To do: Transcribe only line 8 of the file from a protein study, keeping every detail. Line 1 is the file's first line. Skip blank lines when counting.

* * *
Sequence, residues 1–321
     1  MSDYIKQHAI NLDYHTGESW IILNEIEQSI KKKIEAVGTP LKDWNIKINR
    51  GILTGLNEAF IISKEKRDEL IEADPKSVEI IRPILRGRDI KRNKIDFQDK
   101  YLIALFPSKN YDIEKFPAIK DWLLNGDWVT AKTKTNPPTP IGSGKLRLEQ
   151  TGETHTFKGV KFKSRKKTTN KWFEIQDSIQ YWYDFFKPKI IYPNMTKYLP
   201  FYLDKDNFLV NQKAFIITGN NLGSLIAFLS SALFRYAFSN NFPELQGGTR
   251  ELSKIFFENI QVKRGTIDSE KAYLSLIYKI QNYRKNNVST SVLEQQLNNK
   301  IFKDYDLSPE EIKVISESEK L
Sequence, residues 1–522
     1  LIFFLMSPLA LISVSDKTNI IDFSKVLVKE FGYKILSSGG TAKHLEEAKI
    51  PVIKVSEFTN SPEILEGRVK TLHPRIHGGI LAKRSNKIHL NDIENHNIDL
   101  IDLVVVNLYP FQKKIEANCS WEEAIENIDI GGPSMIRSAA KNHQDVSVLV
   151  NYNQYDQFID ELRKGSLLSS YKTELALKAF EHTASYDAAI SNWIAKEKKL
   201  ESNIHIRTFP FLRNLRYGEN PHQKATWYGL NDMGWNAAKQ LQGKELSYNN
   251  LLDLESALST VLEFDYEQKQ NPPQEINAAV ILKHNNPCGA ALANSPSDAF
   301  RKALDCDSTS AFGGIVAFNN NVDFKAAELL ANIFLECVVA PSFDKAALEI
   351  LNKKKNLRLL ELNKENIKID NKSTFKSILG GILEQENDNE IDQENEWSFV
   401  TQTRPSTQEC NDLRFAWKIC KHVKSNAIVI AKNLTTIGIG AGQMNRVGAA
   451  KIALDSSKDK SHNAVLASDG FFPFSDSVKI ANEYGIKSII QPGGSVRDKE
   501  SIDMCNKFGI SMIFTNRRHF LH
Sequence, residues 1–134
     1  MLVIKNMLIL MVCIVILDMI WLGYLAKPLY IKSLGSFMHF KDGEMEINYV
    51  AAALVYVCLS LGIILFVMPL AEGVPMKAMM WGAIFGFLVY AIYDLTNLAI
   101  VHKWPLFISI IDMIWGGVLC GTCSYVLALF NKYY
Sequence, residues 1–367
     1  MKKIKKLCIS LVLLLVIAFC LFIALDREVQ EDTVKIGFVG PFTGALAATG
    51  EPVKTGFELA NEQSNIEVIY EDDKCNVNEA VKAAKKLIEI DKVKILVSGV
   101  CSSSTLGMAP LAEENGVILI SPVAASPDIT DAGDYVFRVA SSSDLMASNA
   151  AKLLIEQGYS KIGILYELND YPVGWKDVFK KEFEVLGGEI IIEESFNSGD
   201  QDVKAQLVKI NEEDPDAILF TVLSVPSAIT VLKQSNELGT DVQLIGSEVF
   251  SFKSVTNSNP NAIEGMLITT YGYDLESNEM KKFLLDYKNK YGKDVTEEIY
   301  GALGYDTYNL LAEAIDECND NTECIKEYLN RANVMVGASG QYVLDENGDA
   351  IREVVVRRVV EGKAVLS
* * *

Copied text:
   301  IFKDYDLSPE EIKVISESEK L